The Kingdom
I usually only pack an extra set of pants when I travel abroad.

Theatrical Release Date: 09/28/2007
Director: Peter Berg
Cast: Jamie Foxx, Ashraf Barhom, Jennifer Garner, Chris Cooper, Jason Bateman

America has come a long way since September 11th. Shortly after that fateful morning, most of us were wondering how long, if ever, we would be able to get back to our “normal” lives.

Many of us have had our eyes opened to a whole new world, that of the Middle East. While many in that part of the world have branded our country the Great Satan for some time now, I daresay the average American didn’t give more than a passing thought to what goes on there until the planes were flown into the World Trade Center towers.

That’s our own hubris, our own particular brand of isolationism that can no longer be applied in today’s global society.

“The Kingdom” attempts to portray a realistic scenario that highlights the culture clash between Saudi Arabia and America. However, while I enjoyed the movie overall, I’m left with some nagging doubts as to its relevancy.

The opening credits sequence begins by summarizing the Saudi-U.S. headlines over the last 80 years. It’s a fantastic piece of work, giving just some of the reasons for the complicated and incestuous relationship between the two countries over the years and into today.

However, short of some of the early political issues, all that hard work is forgotten as the rest of the film really doesn’t have much to do with the far-reaching impact that the fictional unfolding events could have.

The basics in “The Kingdom” are that a terrorist cell attacks and detonates a bomb in an American residency compound inside Saudi Arabia. Through some intelligent political wrangling, Jamie Foxx and his FBI Evidence Response Team are sent there to investigate.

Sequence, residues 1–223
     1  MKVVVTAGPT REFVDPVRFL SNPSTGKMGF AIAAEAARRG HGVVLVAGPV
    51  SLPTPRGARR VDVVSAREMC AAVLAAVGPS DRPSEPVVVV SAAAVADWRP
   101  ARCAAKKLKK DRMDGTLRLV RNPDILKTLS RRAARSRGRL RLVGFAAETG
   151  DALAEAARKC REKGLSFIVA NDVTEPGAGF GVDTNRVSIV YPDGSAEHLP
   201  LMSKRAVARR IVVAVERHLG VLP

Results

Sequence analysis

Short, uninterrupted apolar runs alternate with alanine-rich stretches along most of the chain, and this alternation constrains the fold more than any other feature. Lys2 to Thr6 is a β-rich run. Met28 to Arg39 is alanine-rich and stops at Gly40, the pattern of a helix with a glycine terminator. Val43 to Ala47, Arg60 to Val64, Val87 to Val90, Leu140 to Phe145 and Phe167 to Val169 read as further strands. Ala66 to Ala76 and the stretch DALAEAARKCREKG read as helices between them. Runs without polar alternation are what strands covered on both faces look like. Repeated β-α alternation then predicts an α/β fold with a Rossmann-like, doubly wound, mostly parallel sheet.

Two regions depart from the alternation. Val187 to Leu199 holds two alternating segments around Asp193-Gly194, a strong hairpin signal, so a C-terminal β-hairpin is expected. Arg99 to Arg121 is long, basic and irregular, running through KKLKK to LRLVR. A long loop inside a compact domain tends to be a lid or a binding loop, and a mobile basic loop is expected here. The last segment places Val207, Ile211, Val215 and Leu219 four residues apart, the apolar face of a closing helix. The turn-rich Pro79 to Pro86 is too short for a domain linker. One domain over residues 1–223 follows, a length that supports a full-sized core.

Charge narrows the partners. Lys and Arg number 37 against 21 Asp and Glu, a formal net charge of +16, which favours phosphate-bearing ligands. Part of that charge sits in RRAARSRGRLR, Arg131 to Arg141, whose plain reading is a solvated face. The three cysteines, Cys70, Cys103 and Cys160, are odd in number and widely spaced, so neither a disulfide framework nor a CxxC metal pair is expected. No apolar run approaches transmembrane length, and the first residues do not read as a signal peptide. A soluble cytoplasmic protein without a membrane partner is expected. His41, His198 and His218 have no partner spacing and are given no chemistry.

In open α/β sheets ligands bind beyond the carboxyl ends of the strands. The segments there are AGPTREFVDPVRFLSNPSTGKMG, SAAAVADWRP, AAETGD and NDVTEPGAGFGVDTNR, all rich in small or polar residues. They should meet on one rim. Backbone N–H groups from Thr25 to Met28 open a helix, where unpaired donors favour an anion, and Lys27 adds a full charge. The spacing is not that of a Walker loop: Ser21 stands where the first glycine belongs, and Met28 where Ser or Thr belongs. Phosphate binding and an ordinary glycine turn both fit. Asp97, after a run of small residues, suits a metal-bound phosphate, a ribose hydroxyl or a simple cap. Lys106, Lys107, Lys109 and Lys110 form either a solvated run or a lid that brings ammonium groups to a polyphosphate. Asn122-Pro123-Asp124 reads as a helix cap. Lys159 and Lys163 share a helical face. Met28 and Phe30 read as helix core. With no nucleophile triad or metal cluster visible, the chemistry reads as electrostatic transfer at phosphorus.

Of course, the shit hits the fan and the body count rises as a Saudi neighborhood turns into a scene out of “Gymkata”. (If you get that reference, give yourself a pat on the back and a shot of vodka).

All of the performances are solid and the look of the film is done in that handheld, in your face kind of way that really works for stories of this nature.

While Foxx and Barhom are the main focus of the story, perhaps the greatest thing you will learn is to never mess with Jennifer Garner. After watching her dispose of one of the bad guys, I think Ben Affleck must have been sweating and saying to himself that he’s going to go out and buy her something pretty just in case he did something stupid over the weekend.

I was a little disappointed that the film wasn’t so much about their investigative skills considering they’re an FBI forensics team. Without giving too much away, let me just say that in order to track down those responsible for the bombing that brings them to Saudi Arabia, while their expertise does help, it is pure dumb luck and poor timing on the terrorists’ part that steers the film to its conclusion.